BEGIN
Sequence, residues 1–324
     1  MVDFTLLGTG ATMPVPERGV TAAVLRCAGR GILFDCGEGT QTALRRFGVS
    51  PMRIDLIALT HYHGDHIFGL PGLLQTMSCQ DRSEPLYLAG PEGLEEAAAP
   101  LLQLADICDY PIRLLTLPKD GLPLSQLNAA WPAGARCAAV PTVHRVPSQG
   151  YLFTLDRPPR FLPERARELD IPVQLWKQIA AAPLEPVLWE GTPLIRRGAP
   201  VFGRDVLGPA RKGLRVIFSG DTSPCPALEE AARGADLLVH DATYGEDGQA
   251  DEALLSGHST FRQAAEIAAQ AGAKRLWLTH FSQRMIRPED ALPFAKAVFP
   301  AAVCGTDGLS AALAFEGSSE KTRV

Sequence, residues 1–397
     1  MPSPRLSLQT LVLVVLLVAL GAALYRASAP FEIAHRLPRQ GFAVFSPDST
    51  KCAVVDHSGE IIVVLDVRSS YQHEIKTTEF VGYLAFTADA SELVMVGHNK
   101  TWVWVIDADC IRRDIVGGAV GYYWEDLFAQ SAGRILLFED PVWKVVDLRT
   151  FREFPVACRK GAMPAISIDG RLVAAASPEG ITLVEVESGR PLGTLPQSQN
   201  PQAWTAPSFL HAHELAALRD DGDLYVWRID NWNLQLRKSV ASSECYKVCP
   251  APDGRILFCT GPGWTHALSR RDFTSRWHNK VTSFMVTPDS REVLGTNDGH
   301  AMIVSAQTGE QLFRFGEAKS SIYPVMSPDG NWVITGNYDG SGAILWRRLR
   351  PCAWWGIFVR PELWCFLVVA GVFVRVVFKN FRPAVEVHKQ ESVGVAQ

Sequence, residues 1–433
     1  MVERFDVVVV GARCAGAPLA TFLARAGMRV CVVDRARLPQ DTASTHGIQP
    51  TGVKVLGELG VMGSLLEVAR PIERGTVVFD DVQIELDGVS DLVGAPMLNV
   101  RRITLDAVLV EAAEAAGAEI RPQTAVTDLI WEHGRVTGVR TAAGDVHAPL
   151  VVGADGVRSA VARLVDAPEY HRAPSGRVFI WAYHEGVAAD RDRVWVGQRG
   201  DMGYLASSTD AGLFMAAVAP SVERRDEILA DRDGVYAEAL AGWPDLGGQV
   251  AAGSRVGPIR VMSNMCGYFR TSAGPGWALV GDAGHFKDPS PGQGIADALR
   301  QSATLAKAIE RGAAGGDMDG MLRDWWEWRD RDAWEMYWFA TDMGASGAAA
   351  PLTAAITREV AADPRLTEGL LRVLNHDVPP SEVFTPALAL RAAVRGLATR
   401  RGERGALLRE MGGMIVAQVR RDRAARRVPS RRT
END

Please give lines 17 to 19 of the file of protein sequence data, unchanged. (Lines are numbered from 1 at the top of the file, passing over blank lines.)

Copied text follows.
   351  PCAWWGIFVR PELWCFLVVA GVFVRVVFKN FRPAVEVHKQ ESVGVAQ

Sequence, residues 1–433
     1  MVERFDVVVV GARCAGAPLA TFLARAGMRV CVVDRARLPQ DTASTHGIQP